The U.S. solar energy industry continued its rapid growth through the second quarter of this year, gaining a greater share of the total global market according to GTM Research and the Solar Energy Industries Association (SEIA)’s latest quarterly U.S. Solar Market Insight report.
Leading the way was the U.S. solar photovoltaics (PV) market, which installed 314 megawatts in the second quarter, 69 percent more than the same period last year and 17 percent more than the first quarter of 2011. The U.S. remains poised to install 1,750 megawatts of PV in 2011, double last year’s total and enough to power 350,000 homes.
"The second quarter data illustrates that the U.S. solar industry continues to be one of the fastest growing in America," said Rhone Resch, president and CEO of SEIA. "More than 100,000 Americans are employed in solar, twice as many as in 2009. They work at more than 5,000 companies – the vast majority being small businesses – across all 50 states."
The utility and commercial market segments grew 37 percent and 22 percent respectively in the second quarter. The residential PV segment, however, stuttered for the second consecutive quarter, installing 60 megawatts, a 5.7 percent drop over last quarter. The U.S. Solar Market Insight report predicts greater traction for the residential market, however, in the second half of 2011 and into 2012, as residential solar-leasing business models expand nationwide.
In the concentrated solar energy market, including both concentrating solar thermal power (CSP) and concentrating PV technologies, over 600 megawatts are now under construction in the U.S. The U.S. concentrating solar pipeline now holds more than 7,000 megawatts (enough to power 1.4 million homes), of which more than 4,000 megawatts of projects have signed power purchase agreements with utilities.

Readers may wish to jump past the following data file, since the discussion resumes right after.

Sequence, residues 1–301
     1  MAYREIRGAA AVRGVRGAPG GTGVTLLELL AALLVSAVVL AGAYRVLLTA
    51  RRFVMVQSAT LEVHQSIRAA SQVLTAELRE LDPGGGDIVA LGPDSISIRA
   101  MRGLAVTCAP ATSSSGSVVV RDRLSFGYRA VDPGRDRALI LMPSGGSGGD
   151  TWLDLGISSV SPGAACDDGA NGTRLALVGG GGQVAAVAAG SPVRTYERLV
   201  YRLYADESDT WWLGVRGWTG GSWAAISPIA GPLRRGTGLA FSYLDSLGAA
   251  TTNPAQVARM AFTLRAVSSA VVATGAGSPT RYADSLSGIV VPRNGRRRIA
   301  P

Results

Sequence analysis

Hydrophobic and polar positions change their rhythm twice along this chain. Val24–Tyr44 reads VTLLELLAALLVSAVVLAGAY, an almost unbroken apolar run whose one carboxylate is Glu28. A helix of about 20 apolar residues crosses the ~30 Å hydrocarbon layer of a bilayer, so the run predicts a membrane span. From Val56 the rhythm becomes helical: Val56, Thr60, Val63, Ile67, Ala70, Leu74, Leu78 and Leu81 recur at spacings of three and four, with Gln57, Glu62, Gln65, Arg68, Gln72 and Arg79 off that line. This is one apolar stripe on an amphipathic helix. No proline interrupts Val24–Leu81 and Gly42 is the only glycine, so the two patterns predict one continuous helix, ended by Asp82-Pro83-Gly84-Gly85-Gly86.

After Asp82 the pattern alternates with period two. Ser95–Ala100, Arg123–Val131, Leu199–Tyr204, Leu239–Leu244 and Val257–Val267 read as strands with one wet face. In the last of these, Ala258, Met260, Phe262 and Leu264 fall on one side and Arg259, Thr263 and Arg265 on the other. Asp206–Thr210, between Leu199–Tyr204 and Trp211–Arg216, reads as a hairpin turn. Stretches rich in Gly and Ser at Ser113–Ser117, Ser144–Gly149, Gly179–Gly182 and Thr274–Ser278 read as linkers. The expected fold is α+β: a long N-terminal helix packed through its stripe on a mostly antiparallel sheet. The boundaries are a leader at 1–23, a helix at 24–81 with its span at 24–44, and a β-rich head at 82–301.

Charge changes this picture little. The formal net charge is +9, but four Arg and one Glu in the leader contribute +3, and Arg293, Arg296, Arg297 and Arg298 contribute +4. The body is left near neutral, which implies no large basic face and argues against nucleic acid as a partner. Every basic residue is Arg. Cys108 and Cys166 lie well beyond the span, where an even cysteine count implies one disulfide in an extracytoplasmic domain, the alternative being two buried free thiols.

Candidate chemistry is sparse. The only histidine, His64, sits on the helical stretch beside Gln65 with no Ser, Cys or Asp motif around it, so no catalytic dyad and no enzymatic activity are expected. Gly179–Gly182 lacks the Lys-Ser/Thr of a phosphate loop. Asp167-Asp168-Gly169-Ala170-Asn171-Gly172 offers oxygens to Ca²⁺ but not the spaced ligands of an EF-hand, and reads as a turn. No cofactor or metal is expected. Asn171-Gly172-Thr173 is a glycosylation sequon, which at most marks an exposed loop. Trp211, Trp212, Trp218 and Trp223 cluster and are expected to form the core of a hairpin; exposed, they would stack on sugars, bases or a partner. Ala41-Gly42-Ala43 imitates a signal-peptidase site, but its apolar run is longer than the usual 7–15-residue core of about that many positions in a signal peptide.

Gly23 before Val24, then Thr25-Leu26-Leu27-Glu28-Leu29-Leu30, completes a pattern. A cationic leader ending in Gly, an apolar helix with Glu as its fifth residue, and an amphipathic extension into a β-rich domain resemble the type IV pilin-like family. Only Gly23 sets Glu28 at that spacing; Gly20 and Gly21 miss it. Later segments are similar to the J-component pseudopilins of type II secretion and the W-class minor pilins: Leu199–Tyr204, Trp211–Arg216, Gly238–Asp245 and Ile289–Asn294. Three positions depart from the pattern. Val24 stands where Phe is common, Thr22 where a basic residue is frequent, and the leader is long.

While U.S. solar power is on track for a banner year overall, the market does face a number of potential challenges in 2012 and beyond that could stunt the type of growth seen over the past year and a half.
"The potential expiration of the 1603 Treasury program, along with current malaise in major markets such as New Jersey and Pennsylvania, threatens to slow growth in 2012," said Shayle Kann, Managing Director of Solar at GTM Research. "Still, with increasing market diversity and the continued emergence of the utility-scale solar market, we anticipate that the U.S. market share of global installations will triple over the next four years."
The overall solar story remains very positive. "The dynamic second quarter growth is a result of increased competition in the solar market, competition that drove down the price of solar panels by 30 percent since the beginning of 2010," added Resch. "This is good news for residential and business customers as solar becomes more affordable every day."
The U.S. Solar Market Insight: 2nd Quarter 2011 report is part of an annual subscription that provides the most relevant, solar-specific analysis to solar PV and concentrating solar (CSP and CPV) professionals each quarter. U.S. solar heating and cooling data is collected and reported annually in the Q4 report.
By José Santamarta, http://seia.org/cs/research/SolarInsight